“The RCH teaches you a lot of things. My name is Peter, and one of the things I learnt, not necessarily from someone telling me but from experience, is to not take life too seriously. This may seem strange because illness and health is very serious. But in the end, there is always something to smile about. The RCH became my second home when I was six. Now I’m 20, and after having my last appointment at the Children’s, I’ve transitioned into the adult system. I’d like to share with you what these 14 years have been like.
Let me start off by saying that writing this goes against my lesson of not taking life seriously. I have to relive memories and emotions I had as I write this, rather than laugh at another old episode of The Simpsons. People talk about the courage of patients, and I do not deny that courage. But I do question my courage. I am not brave or strong. I’m just living with the situation I was given. It’s not like I have a choice. It’s not like I call my friend brave just because he’s short.
But that’s just me.
I was diagnosed with a type of brain tumour called cervicomedullary ganglioglioma when I was six, and one of the earliest memories I have after my first operation is giving my surgeon, Dr Patrick Lo, a picture every time I saw him. Before every follow-up appointment, I’d draw the coolest picture of a Pokémon and give it to him because he apparently liked Pokémon, too. This, and the wall of pictures that other patients gave him, said a lot about the RCH – a place I would always rather not be at but was always glad I was, given the circumstances. The development of the new RCH building several years later did, however, make it an even nicer place to be.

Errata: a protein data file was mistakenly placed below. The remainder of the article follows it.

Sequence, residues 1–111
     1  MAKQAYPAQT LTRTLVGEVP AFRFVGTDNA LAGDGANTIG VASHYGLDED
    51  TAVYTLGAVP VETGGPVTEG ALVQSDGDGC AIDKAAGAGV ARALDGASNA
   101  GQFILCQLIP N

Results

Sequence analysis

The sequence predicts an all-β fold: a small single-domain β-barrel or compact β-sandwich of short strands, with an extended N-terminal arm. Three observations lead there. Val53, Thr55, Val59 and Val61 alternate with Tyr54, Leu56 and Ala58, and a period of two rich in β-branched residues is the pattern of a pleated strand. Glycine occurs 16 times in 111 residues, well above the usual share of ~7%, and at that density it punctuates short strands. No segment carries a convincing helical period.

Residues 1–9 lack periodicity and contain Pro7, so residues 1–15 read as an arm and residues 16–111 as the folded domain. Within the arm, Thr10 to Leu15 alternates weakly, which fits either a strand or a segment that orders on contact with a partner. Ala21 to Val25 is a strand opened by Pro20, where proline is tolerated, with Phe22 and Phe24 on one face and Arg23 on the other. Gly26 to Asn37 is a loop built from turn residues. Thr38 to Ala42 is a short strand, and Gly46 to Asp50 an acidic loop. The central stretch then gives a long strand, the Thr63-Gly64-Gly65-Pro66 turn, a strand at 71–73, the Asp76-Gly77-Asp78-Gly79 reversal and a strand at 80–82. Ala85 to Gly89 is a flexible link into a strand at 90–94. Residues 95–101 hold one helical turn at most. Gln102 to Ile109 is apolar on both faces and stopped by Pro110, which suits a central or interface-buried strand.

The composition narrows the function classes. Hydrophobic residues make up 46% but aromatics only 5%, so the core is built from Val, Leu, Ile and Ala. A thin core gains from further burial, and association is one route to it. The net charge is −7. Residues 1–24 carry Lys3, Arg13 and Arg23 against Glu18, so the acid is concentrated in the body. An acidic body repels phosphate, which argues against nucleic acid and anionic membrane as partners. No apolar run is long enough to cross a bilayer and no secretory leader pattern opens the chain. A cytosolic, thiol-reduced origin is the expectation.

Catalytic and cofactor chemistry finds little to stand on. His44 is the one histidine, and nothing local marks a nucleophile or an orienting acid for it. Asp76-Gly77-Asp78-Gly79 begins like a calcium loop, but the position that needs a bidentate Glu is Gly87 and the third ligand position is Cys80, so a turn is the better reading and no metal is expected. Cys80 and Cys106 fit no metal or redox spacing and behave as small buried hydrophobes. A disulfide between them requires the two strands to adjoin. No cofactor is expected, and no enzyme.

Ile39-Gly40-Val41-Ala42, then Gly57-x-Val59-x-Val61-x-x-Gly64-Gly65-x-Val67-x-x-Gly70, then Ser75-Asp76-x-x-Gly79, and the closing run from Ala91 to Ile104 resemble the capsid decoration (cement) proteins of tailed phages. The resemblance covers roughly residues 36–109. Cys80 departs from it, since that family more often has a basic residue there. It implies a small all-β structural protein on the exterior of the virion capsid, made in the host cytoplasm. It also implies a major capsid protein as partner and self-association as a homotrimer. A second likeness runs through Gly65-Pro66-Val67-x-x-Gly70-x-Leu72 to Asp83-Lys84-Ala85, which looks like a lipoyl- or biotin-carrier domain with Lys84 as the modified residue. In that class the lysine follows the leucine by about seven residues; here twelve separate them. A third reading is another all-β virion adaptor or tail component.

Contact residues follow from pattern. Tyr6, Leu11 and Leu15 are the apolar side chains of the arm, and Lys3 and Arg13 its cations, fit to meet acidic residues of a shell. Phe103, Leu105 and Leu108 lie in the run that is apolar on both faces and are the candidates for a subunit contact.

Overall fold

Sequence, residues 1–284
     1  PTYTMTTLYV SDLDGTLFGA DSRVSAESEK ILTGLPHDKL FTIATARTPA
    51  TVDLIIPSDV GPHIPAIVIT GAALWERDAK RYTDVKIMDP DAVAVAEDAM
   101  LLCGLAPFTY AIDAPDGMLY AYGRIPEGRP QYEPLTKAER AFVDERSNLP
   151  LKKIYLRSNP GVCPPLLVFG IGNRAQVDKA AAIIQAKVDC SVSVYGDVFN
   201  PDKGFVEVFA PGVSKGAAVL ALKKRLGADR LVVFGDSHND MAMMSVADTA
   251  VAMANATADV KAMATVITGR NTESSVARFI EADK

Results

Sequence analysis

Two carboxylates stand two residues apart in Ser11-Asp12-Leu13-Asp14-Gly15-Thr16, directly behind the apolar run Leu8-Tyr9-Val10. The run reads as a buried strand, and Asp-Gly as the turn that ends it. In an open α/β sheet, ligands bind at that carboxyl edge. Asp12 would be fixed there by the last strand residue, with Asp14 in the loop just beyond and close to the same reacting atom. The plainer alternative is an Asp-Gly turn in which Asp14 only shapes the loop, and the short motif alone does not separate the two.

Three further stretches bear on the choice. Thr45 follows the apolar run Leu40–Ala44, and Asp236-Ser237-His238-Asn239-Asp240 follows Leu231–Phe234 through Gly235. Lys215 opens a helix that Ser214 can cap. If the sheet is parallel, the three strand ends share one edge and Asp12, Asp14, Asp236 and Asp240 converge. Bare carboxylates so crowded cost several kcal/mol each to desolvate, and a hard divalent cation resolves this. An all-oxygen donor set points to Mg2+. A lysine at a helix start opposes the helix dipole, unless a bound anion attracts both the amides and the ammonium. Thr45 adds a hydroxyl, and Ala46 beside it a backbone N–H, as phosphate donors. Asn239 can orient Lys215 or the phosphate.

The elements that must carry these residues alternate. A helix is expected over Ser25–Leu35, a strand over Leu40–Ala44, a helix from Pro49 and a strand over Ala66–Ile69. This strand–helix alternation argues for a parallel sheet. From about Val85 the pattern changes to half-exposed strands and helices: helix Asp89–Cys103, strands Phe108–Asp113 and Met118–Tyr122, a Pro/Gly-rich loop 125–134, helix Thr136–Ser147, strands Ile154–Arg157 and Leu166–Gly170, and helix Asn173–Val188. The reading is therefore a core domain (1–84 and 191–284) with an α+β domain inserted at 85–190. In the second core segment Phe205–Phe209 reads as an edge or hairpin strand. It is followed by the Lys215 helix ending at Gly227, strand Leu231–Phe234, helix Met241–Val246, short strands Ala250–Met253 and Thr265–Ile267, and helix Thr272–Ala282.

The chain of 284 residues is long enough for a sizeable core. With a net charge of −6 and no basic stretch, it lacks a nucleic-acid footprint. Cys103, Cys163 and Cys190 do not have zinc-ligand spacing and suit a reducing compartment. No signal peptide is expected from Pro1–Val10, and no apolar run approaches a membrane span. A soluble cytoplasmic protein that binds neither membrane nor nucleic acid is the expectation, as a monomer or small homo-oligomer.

I remember little of my admissions as a child, when I was too young to really know what was going on. An onset of pneumonia, which led to a bronchiectasis diagnosis when I was a little older, meant many more admissions. Hospital stays are never fun. They can have moments of fun, which is good, but you’ll never say that you enjoyed them when finally going home. I think the hospital staff know this because people like the nurses try to make patients’ stays a little more bearable. Patients are lucky in that respect.
My last operation was the hardest. Problem after problem meant pain after pain. Months later, and I knew I wouldn’t be able to do anything like go to school. So I decided to write a novel, and although fictional, I was inspired by a lot of things that happened. I was even lucky enough to recently have it published.
By the time I was at the point where I was supposed to transition over to the adult system, obstacles came up. So I ended up moving there almost two years later, skipping the hospital’s official transition process. And now that I’m here, I’m sad to say that I kind of miss the RCH. The atmosphere, the people I got to know. After all, it did give me a lot to be thankful for.
So why have I learnt not to take life seriously? Because after going through what I have gone through, I learnt that it’s better to focus on the funnier side of life. Not everyone can, but that’s okay too. Again, that might just be me.”
Written by Peter Vu, RCH patient and author of Paper Cranes Don’t Fly.